It helps when working out ideas to be challenged to explain one’s meaning. Cathleen, who’s comment inspired the last entry (Mapping the Cosmic Mind), asks this question about what I wrote:
Is your phrase describing human action: “choose in the moment to act well or badly….by a solidly built value system,” equivalent to this one describing Cosmic action: “react according to something like an ethical code despite lacking forethought?”
My answer follows:
Analogous, but not exactly equivalent. The difference brings us back to your point about forethought’s implications.
Cosmic values (which we might in some cases know as physical laws) were probably not installed by consideration. Rather, it seems more likely that they were worked out via an evolutionary process, something like Lee Smolin suggests (for instance, in Three Roads to Quantum Gravity). That is, by natural selection. The ‘ethical code’ gets built the way everything else does, by an evolving, creative process that maps toward processes (and process-directing rules) that are stable and promote elaboration and proliferation.
(There aren’t too many plausible alternatives, by the way. If physical laws and processes–’cosmic values’– did not evolve to their current form, we are left with just two: 1. Sets of laws vary among the subdomains of an essentially infinite multiverse, and there are so many sets that one was bound to promote evolution of life; or 2. There was a prebuilt system of values that just happened to be perfect for the evolution of complex life. The latter option requires either the equivalent of a designing deity, something that thought things through before setting the cosmos in motion, or else stupendous, impossible luck.)
Human values also come to us by a process like natural selection, which is why many of us become more ethical as we age: we adopt what works and discard what doesn’t. (There is a tie-in here to operant conditioning from learning theory, but I’ll expand on that another time). But sometimes we build our values through consideration and forethought, or seem to. It’s hard to separate out cultural conditioning (another kind of DNA, you might say, which stores what’s effective–or at least persistent–across generations), but I believe there is also some deliberation involved. The value structure gets built by evaluative forethought (not just choice in the moment). Ethics in the human sense would hardly be meaningful otherwise.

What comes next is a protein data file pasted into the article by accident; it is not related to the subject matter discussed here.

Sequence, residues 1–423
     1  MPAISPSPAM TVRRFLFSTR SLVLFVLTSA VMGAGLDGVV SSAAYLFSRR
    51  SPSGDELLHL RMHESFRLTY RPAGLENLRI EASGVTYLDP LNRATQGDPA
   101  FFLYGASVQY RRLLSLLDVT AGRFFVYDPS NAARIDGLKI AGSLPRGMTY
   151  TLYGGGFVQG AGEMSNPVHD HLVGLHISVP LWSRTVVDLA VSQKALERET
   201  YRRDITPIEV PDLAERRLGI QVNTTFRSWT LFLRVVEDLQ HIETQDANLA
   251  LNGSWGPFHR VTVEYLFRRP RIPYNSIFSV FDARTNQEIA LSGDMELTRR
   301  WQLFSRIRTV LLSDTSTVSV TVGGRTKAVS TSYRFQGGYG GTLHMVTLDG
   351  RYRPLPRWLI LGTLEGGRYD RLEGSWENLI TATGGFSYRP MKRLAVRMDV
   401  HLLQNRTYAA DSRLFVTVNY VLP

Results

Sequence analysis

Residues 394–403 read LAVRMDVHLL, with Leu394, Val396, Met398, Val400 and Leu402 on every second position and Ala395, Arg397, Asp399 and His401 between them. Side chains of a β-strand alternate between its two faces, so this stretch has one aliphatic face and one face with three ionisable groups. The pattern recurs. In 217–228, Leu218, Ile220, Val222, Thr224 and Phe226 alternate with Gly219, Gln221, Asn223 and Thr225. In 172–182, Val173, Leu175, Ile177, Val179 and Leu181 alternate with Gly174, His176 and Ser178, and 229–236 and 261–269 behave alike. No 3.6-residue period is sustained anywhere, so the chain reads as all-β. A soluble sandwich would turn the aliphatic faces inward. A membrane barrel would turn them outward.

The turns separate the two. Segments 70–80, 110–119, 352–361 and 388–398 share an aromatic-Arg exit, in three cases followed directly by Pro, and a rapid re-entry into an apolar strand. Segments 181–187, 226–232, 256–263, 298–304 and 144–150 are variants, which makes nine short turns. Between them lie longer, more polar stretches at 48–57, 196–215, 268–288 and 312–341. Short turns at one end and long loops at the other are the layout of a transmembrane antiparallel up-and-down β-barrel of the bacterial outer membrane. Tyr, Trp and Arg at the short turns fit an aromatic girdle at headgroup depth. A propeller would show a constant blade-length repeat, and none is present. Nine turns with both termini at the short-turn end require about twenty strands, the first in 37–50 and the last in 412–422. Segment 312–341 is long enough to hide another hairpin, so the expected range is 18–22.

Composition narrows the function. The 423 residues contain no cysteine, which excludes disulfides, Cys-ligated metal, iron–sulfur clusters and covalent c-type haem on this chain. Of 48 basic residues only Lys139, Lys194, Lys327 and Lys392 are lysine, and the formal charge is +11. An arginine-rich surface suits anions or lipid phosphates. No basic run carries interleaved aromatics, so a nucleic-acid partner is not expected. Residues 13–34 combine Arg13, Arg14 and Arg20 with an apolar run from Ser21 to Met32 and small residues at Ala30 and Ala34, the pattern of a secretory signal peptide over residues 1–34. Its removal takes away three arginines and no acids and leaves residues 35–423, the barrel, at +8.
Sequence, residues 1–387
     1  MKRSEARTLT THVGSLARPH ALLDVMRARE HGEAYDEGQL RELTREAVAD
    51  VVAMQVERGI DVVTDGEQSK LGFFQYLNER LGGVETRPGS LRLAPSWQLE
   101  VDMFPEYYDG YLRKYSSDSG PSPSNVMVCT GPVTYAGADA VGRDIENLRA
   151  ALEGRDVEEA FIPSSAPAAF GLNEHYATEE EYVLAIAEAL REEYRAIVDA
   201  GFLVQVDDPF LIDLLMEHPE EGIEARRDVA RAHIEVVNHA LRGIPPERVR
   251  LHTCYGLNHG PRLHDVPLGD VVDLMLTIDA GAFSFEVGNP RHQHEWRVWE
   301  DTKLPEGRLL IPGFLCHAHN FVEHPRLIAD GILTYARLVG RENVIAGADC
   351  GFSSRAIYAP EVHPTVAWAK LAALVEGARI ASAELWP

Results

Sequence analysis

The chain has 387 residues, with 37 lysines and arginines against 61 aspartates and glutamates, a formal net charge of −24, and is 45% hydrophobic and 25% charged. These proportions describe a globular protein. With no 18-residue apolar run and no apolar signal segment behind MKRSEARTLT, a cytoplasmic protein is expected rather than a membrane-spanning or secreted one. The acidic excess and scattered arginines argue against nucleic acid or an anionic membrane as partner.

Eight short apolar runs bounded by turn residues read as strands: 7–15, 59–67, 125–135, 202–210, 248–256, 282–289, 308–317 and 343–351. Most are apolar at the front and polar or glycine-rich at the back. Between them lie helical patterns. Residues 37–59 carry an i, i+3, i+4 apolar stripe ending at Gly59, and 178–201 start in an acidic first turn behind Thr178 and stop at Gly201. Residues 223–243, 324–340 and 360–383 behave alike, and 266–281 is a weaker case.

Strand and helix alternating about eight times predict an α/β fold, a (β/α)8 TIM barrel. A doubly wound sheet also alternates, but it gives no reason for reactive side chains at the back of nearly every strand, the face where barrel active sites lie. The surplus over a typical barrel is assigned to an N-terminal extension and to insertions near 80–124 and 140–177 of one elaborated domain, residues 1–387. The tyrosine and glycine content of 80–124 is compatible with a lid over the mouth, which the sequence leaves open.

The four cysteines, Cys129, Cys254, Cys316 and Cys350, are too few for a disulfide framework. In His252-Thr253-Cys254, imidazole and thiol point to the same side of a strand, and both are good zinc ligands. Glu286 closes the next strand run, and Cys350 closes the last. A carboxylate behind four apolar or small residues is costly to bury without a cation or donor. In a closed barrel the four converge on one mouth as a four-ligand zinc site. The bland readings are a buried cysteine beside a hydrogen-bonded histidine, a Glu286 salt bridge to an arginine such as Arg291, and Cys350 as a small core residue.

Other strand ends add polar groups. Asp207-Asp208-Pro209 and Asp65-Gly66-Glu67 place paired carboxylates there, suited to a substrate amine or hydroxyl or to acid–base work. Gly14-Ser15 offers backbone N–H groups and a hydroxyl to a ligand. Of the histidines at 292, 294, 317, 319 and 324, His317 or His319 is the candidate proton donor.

That values evolve, whether by natural selection alone or with the some assistance from forethought, gives me hope for the future, as I indicated in the last post. Just as the cosmos evolved to its current state by trial and error, and the result is a universe that stably supports a rich and beautiful complexity, we can hope that human civilization will likewise evolve to a more stable and pleasing form.
You’ll note in all this that natural selection looks like the ideal strategy for the operation of a universal mind (and possibly any mind). Darwin’s elegant mechanism often gets portrayed as a material, random, mindless process. Although I believe it is indeed material (in my nuanced understanding of the word alluded to in earlier posts and to be developed later) and largely (but not entirely) random, it is anything but mindless. Nor does it require vicious competition. Fitness is more likely to be enhanced by complex systems of cooperation than by selfish independence. It is exactly humanity’s failure to cooperate with the living systems we depend on that has placed us in such peril.
And because the Cosmic Mind, operating through selection, builds such beauty, complexity and harmony, I find myself comforted when I contemplate it.Share on Facebook